The Hamas rulers of Gaza have ordered two banks to pay out more than $100 million following a lower court ruling, bank bosses told AFP on Friday.
A board member from the Islamic Bank of Palestine said that following the decision, $6 million of his bank's assets had been preventively frozen and $100 million from the Bank of Palestine.
The court decision also barred board members from either bank from leaving the Gaza Strip, the source said asking not to be named.
The banker denounced the decision, saying: "All banks in Gaza pay no taxes in accordance with an exemption extended in 2007 by Palestinian president Mahmud Abbas."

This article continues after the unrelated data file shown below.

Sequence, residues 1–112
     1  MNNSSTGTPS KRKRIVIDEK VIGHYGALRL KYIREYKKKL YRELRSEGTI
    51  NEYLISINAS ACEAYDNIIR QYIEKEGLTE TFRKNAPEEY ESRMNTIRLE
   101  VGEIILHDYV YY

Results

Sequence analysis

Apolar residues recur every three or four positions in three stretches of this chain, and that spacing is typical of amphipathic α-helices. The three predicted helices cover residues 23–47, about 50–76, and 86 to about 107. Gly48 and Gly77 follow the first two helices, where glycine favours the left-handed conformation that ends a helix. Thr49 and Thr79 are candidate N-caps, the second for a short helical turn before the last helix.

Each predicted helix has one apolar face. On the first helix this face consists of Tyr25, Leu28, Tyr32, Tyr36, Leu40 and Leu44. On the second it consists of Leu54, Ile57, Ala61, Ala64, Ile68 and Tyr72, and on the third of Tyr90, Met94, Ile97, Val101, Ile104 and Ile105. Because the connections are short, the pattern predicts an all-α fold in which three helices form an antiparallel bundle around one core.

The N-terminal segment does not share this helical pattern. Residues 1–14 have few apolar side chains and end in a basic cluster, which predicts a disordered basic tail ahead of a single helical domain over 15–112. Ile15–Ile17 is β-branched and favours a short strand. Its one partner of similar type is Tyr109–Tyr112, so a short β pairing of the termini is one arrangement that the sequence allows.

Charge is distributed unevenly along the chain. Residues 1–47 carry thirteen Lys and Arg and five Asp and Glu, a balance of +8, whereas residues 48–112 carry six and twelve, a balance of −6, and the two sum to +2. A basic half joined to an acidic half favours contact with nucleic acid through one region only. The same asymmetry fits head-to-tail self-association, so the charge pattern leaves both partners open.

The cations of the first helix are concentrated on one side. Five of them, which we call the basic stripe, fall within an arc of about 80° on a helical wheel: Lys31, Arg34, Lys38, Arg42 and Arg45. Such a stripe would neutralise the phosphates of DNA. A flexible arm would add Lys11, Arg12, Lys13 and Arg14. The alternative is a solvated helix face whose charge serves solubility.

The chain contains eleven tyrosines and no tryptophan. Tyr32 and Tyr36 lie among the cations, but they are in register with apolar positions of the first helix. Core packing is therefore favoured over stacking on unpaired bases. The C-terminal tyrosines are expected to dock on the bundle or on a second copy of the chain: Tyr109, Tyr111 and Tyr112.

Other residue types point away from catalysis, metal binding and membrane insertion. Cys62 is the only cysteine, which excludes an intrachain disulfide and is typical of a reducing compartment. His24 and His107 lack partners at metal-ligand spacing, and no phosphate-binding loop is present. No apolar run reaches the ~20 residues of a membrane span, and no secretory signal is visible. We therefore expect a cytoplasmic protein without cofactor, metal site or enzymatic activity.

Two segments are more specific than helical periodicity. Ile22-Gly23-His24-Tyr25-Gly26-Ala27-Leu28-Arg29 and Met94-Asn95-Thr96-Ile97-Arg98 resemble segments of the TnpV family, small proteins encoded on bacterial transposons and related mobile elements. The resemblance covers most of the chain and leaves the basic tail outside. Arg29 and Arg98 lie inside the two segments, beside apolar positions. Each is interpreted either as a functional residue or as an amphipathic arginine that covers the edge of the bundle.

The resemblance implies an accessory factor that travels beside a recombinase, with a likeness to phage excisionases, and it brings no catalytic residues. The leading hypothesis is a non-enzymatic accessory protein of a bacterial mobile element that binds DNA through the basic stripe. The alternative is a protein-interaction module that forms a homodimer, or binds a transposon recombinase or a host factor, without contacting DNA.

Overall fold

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An offical from the Bank of Palestine said his bank had been ordered to pay $99.7 million and 50 million shekels ($14 million) in unpaid taxes and late penalties.
"The bank's legal department is preparing its response to this unjust decision," the source said, also reqesting anonymity.
Taher al-Nunu, a Hamas spokesman, said Gaza authorities "were applying court decisions and we hope that the banks decide to do the same."
In March, most banks in Gaza closed in protest after funds were seized with the approval of Hamas, which has controlled the territory since chasing out security forces loyal to Abbas.
Monetary authorities under the control of Abbas's West Bank-based Palestinian Authority, block any bank from dealing with Hamas.